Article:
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The Girl With Her Hands in the Sand

nytheatre.com q&a preview by Michael Hagins
July 10, 2012

What is your job on this show?
Director.

What type of theater do you like most to work on?
I tend to direct a lot of Shakespeare and other forms of classical theatre. I've done a lot of fight-themed plays, so working on a more beautifully written, artistic piece for the Fringe, while not new, is a bit shocking to me. I would have sworn I'd be directing a hardcore, sword-blazing play!

Complete this sentence: My show is the only one in FringeNYC that...?
really paints a picture (pardon the pun) on the duality of being an artist. The high points of the creative process and the low points of how tough life can be. The characters in the show are all on various journeys, and I while hope the audiences will enjoy the zombies and game-themed plays, they also will take time to enjoy seeing a well-written, artsy show.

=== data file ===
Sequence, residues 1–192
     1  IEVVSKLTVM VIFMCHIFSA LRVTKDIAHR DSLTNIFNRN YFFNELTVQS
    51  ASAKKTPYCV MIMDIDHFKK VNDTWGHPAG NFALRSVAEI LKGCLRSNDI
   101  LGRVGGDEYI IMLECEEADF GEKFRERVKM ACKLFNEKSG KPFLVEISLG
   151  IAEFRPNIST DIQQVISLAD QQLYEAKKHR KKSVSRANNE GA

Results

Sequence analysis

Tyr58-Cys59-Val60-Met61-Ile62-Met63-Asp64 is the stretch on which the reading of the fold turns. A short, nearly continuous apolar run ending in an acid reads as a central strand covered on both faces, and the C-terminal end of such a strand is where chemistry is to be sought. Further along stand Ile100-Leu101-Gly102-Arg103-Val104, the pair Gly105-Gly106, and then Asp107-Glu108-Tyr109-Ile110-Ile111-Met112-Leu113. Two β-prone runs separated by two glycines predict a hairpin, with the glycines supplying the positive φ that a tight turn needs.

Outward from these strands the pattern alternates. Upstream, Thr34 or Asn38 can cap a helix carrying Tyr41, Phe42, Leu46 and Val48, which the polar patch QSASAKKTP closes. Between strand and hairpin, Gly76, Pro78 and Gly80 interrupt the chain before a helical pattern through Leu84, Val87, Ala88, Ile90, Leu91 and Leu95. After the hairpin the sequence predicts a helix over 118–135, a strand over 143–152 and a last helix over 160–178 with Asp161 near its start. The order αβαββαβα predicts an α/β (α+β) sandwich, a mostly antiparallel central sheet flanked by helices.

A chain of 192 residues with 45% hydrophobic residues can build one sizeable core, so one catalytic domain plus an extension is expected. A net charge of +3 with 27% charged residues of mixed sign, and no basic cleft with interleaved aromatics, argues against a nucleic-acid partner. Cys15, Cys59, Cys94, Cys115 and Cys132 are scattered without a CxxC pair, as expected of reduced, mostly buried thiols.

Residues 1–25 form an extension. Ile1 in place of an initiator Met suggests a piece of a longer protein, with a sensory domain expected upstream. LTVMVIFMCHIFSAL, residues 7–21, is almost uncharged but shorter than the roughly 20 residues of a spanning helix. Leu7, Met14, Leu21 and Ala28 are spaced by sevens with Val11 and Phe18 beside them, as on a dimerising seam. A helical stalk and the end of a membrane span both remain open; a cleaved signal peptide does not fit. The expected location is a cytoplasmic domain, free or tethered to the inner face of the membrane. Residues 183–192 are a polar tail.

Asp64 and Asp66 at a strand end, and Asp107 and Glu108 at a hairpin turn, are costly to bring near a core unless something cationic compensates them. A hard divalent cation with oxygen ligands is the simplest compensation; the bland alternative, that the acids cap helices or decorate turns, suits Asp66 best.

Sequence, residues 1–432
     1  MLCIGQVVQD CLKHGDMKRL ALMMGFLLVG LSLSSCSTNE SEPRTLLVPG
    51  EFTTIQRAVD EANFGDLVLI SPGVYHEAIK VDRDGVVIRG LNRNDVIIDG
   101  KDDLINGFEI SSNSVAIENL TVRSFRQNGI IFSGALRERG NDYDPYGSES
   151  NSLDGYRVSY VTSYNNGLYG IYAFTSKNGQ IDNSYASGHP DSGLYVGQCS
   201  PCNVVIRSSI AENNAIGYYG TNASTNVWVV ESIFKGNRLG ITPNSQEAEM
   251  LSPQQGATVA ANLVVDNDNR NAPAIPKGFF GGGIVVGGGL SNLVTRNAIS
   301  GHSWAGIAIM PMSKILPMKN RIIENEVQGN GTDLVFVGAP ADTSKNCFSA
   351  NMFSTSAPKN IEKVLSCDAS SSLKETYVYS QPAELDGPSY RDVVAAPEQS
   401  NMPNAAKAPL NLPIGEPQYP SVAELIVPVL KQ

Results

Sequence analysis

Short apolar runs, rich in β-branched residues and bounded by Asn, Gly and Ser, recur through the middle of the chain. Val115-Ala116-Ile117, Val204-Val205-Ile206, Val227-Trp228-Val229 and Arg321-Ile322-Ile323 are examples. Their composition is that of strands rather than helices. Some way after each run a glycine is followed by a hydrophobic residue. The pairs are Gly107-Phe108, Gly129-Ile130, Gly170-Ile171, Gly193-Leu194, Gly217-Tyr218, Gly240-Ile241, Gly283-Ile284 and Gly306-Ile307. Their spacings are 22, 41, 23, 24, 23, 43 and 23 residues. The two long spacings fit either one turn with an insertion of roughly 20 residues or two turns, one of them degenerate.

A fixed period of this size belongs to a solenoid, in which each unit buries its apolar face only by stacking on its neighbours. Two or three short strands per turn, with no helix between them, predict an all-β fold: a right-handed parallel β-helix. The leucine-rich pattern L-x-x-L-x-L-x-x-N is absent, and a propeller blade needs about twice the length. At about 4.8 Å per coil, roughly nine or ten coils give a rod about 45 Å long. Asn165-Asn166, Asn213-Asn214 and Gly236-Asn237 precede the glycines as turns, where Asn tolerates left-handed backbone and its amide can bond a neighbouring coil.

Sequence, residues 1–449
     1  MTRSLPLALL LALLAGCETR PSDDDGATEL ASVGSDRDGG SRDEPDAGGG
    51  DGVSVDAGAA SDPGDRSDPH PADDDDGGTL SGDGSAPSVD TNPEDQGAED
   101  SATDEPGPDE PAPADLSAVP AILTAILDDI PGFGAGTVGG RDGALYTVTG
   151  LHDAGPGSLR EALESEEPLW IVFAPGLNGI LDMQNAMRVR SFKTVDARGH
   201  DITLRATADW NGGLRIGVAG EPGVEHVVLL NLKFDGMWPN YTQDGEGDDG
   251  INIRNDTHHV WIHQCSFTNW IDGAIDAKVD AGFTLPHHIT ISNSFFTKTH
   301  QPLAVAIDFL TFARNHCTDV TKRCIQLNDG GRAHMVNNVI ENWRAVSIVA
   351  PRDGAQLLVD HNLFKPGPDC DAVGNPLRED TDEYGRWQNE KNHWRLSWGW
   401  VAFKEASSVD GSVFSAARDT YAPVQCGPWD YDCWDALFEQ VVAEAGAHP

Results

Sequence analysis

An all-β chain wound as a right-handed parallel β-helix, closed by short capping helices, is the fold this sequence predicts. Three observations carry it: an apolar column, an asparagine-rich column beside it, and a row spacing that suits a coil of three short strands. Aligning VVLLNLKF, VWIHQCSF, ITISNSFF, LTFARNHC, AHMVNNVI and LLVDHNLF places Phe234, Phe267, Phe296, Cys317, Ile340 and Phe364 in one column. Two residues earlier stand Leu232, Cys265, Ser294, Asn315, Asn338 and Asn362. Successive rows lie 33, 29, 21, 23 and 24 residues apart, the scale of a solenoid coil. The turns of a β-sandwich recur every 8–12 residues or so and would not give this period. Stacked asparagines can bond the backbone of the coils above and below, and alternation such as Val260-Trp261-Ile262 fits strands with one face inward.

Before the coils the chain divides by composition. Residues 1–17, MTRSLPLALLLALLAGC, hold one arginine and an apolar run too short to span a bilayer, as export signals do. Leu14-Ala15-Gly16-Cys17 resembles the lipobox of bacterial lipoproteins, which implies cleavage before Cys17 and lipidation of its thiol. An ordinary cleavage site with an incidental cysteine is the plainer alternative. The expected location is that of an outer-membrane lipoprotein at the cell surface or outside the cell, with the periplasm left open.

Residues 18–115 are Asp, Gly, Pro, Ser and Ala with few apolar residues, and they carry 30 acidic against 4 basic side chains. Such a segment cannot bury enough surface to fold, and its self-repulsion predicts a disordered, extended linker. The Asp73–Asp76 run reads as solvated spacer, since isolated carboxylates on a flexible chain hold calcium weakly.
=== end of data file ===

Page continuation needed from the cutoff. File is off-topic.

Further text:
How did you meet your fellow artists/collaborators on this show?
I met the writer, Jon Galvez, when he came to Neil Labute's The Shape of Things, which I directed in January in rep with Taming of the Shrew. He felt that his show compares well with it (it was called The Shape of Things meets Proof by outside parties) and went through an interview process that I was chosen from. The producers I met through him, and we've all collaborated well. As for the actors, I've had the pleasure of working with Katherine Mullis and Imran W. Sheikh in previous shows, and Tavis Doucette and Erica Jensen I've had a amazing opening connection with. They plus my stage manager Rachel Jerome have made this experience very rewarding.

Which “S” word best describes your show: SMOOTH, SEXY, SMART, SURPRISING?
SMART. Hands down. It's great to direct a show that you know the audience will connect with and can see the nuisances. There is so much happening and so much to analyze. I feel the audience will have a great connection with any one, probably all of the characters, and I'm looking forward to seeing and experience the audience reactions.

If you had ten million dollars that you had to spend on theatrical endeavors, how would you use the money?
I would buy a theatre space. NYC is losing a lot of its great theatres, and I would love to add one back. Especially one that is affordable and would provide a rewarding experience to fledgling theatre companies. Everyone deserves a chance to put on a quality show in quality space, and FringeNYC is one way, but it's only in the summer. I'd love for it to be year-round!